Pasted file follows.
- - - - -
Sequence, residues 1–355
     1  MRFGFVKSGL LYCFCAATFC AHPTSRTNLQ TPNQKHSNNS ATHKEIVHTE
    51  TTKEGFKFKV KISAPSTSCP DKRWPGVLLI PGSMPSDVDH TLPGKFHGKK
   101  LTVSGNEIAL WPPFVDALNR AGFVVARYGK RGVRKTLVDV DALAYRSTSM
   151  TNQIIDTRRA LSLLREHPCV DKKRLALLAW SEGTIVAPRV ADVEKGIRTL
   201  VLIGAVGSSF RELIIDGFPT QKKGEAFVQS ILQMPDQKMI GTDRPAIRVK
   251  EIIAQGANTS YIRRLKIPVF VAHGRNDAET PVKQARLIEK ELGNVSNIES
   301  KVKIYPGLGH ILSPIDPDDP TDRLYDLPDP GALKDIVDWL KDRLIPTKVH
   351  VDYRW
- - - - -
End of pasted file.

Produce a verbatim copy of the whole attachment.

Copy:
Sequence, residues 1–355
     1  MRFGFVKSGL LYCFCAATFC AHPTSRTNLQ TPNQKHSNNS ATHKEIVHTE
    51  TTKEGFKFKV KISAPSTSCP DKRWPGVLLI PGSMPSDVDH TLPGKFHGKK
   101  LTVSGNEIAL WPPFVDALNR AGFVVARYGK RGVRKTLVDV DALAYRSTSM
   151  TNQIIDTRRA LSLLREHPCV DKKRLALLAW SEGTIVAPRV ADVEKGIRTL
   201  VLIGAVGSSF RELIIDGFPT QKKGEAFVQS ILQMPDQKMI GTDRPAIRVK
   251  EIIAQGANTS YIRRLKIPVF VAHGRNDAET PVKQARLIEK ELGNVSNIES
   301  KVKIYPGLGH ILSPIDPDDP TDRLYDLPDP GALKDIVDWL KDRLIPTKVH
   351  VDYRW